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Rupert Grint's Terrifying Show Servant Reflected His Own Fears As A New Dad

Apple TV+ has heightened its television profile in recent years, with the likes of "Ted Lasso" and "Severance" becoming popular and award-winning shows. But "Servant," the psychological thriller by M. Night Shyamalan, is one of its earlier indicators that the streaming service was destined for great things.

"Servant" follows Sean and Dorothy Turner (Toby Kebbell and Lauren Ambrose), who hire a mysterious nanny (Nell Tiger Free) to take care of their reborn doll, Jericho, after the death of their infant son. Also starring Rupert Grint as Dorothy's brother Julian, the story unravels from there throughout three intriguing seasons, with a fourth and final season on the way (via Variety). The show holds an average critical rating of 88% approval (via Rotten Tomatoes) across its aired episodes.

Grint, famous for playing Ron Weasley in the "Harry Potter" film franchise, turns in a dark performance in "Servant" that's been called his best since playing The Boy Who Lived's best friend (via Collider). He also opened up about what it was like being a new dad whilst working on a show that is, at its core, about the fears associated with parenthood.

Rupert Grint thinks that Servant is the 'worst show to be doing' as a new father

In an interview with Esquire, Rupert Grint discussed his new life with his infant daughter, Wednesday. "It's the worst show to be doing, being a new dad, for sure," Grint told the publication. Being a first-time dad even awakened something of an identity crisis in Grint. "I don't know, do I change the way I dress now?" he joked.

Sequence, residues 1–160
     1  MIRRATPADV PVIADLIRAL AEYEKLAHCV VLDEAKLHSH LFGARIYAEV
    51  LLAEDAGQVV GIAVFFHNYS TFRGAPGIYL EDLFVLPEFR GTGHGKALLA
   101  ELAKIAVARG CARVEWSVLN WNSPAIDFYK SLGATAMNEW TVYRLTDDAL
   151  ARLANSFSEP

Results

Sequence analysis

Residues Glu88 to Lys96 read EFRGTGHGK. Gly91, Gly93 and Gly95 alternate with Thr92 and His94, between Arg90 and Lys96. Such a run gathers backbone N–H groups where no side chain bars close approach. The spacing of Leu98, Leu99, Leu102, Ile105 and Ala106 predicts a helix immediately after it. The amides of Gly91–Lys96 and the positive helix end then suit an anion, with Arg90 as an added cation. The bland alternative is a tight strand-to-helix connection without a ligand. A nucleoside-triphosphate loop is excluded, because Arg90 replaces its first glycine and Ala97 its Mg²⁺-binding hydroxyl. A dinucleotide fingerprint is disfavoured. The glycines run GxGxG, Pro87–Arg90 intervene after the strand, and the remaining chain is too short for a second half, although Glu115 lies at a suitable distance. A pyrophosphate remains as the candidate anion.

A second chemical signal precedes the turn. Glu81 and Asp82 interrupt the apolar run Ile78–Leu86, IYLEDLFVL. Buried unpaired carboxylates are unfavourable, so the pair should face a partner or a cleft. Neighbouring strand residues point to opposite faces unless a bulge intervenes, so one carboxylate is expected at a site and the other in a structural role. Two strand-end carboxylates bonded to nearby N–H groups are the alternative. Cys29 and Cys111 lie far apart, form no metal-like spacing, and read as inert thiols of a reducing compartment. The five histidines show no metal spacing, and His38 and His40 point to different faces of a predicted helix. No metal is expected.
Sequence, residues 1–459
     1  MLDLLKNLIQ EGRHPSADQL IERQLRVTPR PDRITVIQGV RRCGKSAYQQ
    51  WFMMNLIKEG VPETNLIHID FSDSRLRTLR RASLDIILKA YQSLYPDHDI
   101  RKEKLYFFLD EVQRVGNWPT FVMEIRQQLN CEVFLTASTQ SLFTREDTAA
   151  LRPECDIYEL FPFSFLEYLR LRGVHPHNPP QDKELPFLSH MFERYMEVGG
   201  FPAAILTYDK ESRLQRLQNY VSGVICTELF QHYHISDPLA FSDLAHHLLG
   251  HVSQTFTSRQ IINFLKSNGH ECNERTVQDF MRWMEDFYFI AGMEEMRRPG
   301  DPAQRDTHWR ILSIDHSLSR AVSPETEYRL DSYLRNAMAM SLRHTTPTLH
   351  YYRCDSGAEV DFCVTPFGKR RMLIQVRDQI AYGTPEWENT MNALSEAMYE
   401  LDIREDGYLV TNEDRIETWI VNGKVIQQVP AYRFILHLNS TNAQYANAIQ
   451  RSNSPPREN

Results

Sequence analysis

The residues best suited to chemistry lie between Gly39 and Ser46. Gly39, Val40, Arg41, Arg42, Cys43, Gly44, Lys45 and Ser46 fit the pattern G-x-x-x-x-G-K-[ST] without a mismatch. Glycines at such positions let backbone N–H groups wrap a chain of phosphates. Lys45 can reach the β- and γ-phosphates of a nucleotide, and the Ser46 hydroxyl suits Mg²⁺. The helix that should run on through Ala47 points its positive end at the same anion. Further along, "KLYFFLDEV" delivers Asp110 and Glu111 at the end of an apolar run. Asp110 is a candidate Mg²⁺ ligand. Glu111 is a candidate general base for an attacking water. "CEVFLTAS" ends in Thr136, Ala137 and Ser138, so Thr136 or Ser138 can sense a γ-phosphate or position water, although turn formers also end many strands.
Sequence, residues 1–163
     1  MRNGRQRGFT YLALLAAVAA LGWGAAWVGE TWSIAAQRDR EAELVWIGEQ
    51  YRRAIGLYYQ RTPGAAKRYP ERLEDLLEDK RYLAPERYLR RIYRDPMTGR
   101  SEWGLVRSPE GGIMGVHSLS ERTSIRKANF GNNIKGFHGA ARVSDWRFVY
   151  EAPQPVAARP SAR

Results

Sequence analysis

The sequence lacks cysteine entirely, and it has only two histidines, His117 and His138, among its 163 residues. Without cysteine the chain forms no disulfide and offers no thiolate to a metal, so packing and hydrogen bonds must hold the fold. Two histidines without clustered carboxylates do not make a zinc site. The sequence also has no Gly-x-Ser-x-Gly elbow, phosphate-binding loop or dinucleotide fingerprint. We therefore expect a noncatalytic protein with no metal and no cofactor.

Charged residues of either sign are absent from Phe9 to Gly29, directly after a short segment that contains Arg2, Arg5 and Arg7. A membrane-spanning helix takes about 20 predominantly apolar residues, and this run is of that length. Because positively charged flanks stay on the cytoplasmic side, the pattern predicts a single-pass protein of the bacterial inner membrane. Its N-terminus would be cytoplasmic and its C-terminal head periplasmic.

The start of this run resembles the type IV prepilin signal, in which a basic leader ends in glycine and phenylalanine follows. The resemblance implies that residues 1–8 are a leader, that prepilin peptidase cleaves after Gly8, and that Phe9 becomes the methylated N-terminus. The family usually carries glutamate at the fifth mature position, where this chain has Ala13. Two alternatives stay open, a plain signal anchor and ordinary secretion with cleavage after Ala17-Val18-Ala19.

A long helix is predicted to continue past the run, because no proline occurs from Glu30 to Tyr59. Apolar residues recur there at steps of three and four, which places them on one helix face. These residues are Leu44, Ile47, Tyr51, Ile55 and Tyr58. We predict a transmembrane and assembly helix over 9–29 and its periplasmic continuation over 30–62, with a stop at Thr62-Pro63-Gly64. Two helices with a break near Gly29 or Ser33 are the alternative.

Adding stress to Grint's parental duties was the fact that Wednesday was born at the height of the pre-vaccine COVID-19 pandemic, which meant very little sleep and outside interaction, with no help in caring for their daughter. He struggled with wondering if she was okay at all times. Recalling one moment when Wednesday's hand turned purple, Grint remarked, "You think the worst, and it's ... I don't want to go too into detail, but the first night was just terrifying. You can't sleep at all, just constantly checking that she's breathing."

It seems that sleeping is something he has always struggled with, even before becoming a parent. "I think as a kid, people always said, 'They died in their sleep,' so I always thought sleep was a really dangerous, dangerous thing," he said.

Yet, the scary experience of caring for a newborn translated into his performance on the show. "[It's] that thing that you'd do anything to get your kid back," he told Esquire. "[Parenthood] really helped me understand that. I guess I already had some concept of it, obviously, but I think having a kid of your own really nails that down."